September 11th & the War on Terror

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  • 0:01 A Day of Infamy
  • 0:40 Background
  • 3:19 September 11, 2001
  • 5:53 Consequences
  • 7:23 Lesson Summary
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Lesson Transcript
Instructor: Daniel Vermilya
September 11, 2001 was a day of terrorist attacks by radical Islamists against the United States. In New York, Virginia, and Pennsylvania, nearly 3,000 people were killed. As a result, the United States launched a War on Terror that has lasted over a decade since.

A Day of Infamy

There are certain dates in American history that linger through the years. July 4, 1776; November 11, 1918; and December 7, 1941, are just a few examples. In recent history, the date of September 11, 2001, has certainly been added to the list. Most Americans who are old enough to remember have crystal-clear memories of that fateful day. The terrorist attacks in New York, Washington D.C., and Pennsylvania on September 11, 2001, forever changed the United States of America. Let's take a moment to learn about this tragic and history-defining event.


Wars and hatred have been around in the Middle East for centuries. Much of this is fueled by religious conflict between Islamic groups and nation states. Countries such as Iran, Iraq, Syria, and Afghanistan have seen a series of changes in power and purpose through the years. In the latter of these countries, Afghanistan, those changes were to have a large impact on the growth of terrorism in the region. In the 1980s, Soviet forces saw Afghanistan as a new addition to the Soviet empire, and ground troops were sent into the nation in an invasion force. This spurred a strong military response from various groups of Muslim fighters, known together as the Mujahideen. This force was partially funded and supported by the United States government.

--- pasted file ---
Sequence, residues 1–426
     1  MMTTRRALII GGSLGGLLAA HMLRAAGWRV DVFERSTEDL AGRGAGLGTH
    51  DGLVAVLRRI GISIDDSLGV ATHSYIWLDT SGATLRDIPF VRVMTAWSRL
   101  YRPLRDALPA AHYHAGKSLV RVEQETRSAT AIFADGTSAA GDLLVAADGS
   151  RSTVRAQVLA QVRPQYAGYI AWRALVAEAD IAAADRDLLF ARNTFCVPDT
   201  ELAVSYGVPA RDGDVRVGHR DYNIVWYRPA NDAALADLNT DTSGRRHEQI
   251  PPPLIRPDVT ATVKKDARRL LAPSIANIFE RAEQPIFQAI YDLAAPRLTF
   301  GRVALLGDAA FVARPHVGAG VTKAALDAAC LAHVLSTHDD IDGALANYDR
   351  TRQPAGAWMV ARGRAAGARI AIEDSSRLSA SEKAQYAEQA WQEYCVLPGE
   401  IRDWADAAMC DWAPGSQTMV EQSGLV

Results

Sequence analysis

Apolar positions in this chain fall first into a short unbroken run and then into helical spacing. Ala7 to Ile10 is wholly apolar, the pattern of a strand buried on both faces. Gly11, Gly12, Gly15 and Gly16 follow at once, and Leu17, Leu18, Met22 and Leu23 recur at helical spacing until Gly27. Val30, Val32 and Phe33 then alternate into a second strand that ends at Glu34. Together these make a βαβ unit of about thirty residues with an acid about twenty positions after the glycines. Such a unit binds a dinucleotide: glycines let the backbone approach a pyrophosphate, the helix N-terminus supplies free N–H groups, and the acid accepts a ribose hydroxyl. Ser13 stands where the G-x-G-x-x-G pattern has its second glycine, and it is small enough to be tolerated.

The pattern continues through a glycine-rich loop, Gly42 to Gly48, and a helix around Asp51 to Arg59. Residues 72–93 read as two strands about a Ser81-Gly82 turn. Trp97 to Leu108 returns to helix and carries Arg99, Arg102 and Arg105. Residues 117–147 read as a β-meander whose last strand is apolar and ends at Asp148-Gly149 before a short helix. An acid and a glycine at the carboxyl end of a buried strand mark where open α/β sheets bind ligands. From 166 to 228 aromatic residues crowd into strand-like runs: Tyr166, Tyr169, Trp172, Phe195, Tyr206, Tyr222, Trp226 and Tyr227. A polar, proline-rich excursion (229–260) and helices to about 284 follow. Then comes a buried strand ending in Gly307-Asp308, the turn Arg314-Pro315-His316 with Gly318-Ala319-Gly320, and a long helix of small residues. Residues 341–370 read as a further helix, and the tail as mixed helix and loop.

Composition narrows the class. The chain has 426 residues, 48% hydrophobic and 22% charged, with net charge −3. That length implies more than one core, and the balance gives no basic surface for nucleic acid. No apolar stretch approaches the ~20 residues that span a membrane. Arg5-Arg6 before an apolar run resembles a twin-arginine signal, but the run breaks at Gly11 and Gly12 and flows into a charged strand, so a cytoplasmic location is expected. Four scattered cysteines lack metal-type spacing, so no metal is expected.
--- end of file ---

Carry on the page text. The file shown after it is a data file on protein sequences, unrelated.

When the Soviets were repulsed from Afghanistan, the Mujahideen fighters became radicalized. Osama bin Laden was an Islamic leader responsible for turning many anti-Soviet fighters into terrorists willing to kill innocents as a part of a holy war, or jihad, against the West. In the 1990s, bin Laden issued fatwas, or Islamic declarations, calling for all American troops to leave Saudi Arabia and the Middle East region. His declarations were strongly critical of the United States and its role and presence in the Middle East following the Gulf War of 1990 and 1991.

Bin Laden criticized U.S. policy supporting Israel, U.S. sanctions on Iraq following the Gulf War, and a number of other issues relating to the U.S. and the Middle East. In 2000, the terrorist group Al Qaeda, led by bin Laden, attacked the USS Cole, then stationed in Yemen. Seventeen American sailors were killed.

Bin Laden and his terrorist organization continued planning and preparing for a much larger strike against the United States. Their goal was to cripple American economic, military, and political power. Khalid Sheikh Mohammed was the man responsible for designing this larger strike, the planning for which began in 1996. Small groups of Al Qaeda terrorists made their way into the United States, and several began to take flying lessons in preparation for the attack. By mid-summer 2001, there were 19 Al Qaeda terrorists on U.S. soil, and the final targets were selected. Terrorists would strike the World Trade Center towers in New York City, the Pentagon just outside Washington D.C., and a third major target, which captured terrorists later said was the U.S. Capitol building.

September 11, 2001

On the morning of September 11, 2001, terrorists boarded four separate flights taking off from major airports on the Eastern seaboard. The terrorists chose flights that were going across the country because the planes would have a heavier fuel load and thus would be more destructive upon impact. The plan was to use the planes, with innocent civilians inside, as directed missiles to strike their targets on suicide missions.

Out of Boston, American Airlines Flight 11 took off at 7:59 a.m. with a total of 87 crew and passengers, as well as 5 hijackers. The plane was taken over shortly after taking off, and it was crashed into the North Tower of the World Trade Center at 8:46 a.m. This was the first plane to strike. Roughly 20 minutes later, United Airlines Flight 175, also originating from Boston, struck the South Tower of the Trade Center. This flight had 60 passengers and crew on board, as well as 5 terrorists. The explosions in New York rocked the Trade Center towers, and within 2 hours, both towers had collapsed and over 2,000 people had been killed.

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